The U.S. Naval Academy badly wants to put behind it the worst cheating scandal in its history and polish a tarnished image. Contrary to what it had hoped, however, the panel of officers that ruled on misconduct charges against more than 100 midshipmen has not restored confidence that honor and fairness govern what goes on in Annapolis.
The 1992 cheating scandal became a scandal in the first place because of suspicions that the academy didn't try to get to the bottom of the problem and didn't mete out punishments equitably. While the officers' panel seems to have done the former, questions remain about fairness, about whether penalties were doled out consistently and commensurate with wrongdoing. Of 134 members of the Class of 1994 implicated in the scandal, 106 cases were reviewed by the panel. Eighty-one admitted they cheated. Yet only 29 have been recommended for expulsion. Forty-two got lesser punishments, and 35 were exonerated.
Understandably, many in the academy community are wondering how the panel made its decisions. The mother of one student says he did not steal, sell or buy the test in question and confessed after he took the test that he had seen it before. Based on the panel's official statement -- the only explanation it provided -- one would expect a certain amount of leniency here. The statement said the panel considered cases individually, paying attention to "extenuating, mitigating and aggravating" factors such as the depth of the student's involvement in dishonesty and his willingness to confess. Yet this young man received the harshest penalty, while students report that others who committed worse offenses escaped lightly.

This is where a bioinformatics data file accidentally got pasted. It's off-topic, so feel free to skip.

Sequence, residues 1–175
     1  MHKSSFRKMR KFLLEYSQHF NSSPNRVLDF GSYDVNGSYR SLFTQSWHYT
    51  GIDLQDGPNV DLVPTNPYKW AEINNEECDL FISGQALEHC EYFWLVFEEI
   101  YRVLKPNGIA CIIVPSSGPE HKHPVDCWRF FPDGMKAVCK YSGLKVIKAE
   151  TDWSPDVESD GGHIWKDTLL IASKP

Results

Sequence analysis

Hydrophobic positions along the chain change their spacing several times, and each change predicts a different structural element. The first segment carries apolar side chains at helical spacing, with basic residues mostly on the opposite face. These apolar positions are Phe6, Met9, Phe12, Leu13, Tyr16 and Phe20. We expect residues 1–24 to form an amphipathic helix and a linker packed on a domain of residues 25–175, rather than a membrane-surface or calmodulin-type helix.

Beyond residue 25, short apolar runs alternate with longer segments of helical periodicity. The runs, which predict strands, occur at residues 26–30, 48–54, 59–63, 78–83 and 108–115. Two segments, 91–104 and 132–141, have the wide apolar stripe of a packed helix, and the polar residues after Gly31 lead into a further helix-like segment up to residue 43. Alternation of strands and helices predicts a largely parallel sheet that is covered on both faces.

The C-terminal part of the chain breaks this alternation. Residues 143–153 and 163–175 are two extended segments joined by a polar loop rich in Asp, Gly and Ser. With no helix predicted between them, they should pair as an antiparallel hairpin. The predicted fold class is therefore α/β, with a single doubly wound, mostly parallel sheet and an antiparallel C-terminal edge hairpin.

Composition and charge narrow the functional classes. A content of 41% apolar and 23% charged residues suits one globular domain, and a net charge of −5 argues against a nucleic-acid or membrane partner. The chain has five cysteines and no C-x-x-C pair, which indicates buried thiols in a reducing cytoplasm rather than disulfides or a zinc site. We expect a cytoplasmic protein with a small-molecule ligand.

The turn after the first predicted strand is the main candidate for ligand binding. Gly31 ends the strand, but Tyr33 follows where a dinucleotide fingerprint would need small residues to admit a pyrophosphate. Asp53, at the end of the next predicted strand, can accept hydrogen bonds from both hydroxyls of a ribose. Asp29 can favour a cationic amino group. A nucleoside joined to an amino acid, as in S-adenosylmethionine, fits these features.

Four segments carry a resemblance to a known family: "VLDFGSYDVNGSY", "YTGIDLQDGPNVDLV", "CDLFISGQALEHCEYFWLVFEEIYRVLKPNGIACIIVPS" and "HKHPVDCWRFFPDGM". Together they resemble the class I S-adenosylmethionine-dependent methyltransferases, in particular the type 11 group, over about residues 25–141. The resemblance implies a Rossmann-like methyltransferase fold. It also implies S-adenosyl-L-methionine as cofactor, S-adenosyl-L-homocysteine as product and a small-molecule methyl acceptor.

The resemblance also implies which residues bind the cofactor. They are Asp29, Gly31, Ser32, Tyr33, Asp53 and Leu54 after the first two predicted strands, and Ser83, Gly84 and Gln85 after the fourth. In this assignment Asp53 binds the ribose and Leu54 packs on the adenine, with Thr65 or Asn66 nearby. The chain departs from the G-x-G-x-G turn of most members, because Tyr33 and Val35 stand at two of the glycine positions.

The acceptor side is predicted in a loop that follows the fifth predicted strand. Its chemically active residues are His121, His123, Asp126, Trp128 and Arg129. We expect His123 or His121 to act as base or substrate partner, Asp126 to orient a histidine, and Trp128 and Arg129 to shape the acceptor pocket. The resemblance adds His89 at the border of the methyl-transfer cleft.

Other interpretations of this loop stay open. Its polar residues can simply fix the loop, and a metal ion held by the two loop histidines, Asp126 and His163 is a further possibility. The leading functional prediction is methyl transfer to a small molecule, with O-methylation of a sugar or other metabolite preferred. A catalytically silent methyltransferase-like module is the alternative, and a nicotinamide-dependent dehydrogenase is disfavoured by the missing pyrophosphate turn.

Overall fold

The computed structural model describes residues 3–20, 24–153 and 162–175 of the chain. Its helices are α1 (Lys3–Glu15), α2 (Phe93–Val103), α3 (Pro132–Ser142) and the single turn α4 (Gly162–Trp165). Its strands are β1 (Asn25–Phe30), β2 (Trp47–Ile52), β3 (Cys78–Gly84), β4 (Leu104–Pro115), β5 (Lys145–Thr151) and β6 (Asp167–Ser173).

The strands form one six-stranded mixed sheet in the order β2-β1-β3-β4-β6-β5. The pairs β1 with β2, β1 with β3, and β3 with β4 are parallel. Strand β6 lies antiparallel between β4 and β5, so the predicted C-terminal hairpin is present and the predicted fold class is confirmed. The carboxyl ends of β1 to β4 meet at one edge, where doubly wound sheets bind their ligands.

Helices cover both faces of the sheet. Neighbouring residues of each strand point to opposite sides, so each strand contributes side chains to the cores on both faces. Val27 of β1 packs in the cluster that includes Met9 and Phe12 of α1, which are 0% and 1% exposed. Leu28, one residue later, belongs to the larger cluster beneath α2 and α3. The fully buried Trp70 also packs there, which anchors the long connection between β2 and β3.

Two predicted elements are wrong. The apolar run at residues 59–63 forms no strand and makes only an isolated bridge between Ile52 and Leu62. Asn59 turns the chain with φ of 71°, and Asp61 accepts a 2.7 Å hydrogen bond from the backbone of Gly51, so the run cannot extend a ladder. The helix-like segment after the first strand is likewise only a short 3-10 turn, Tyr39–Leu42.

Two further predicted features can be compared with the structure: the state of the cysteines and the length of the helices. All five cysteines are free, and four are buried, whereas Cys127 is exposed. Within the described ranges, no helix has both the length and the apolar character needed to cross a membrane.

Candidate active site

The Navy and the Pentagon should consider these inconsistencies when making final decisions on the expulsions. They need to provide more information about the criteria the panel used to decide the fate of these 106 students. Until they do, its rulings will be questioned as arbitrary and tainted by favoritism. Until they do, students will wallow in confusion about what conduct is acceptable at the Naval Academy.
Implicit in the impending return of four-star Adm. Charles R. Larson (a renowned straight arrow) as superintendent is the hope that he will help Annapolis regain the purity of its honor code -- that a midshipman does not lie, cheat or steal. But even he will find that difficult to do if some of the most grievous offenders in this cheating scandal walked away with the lightest punishments.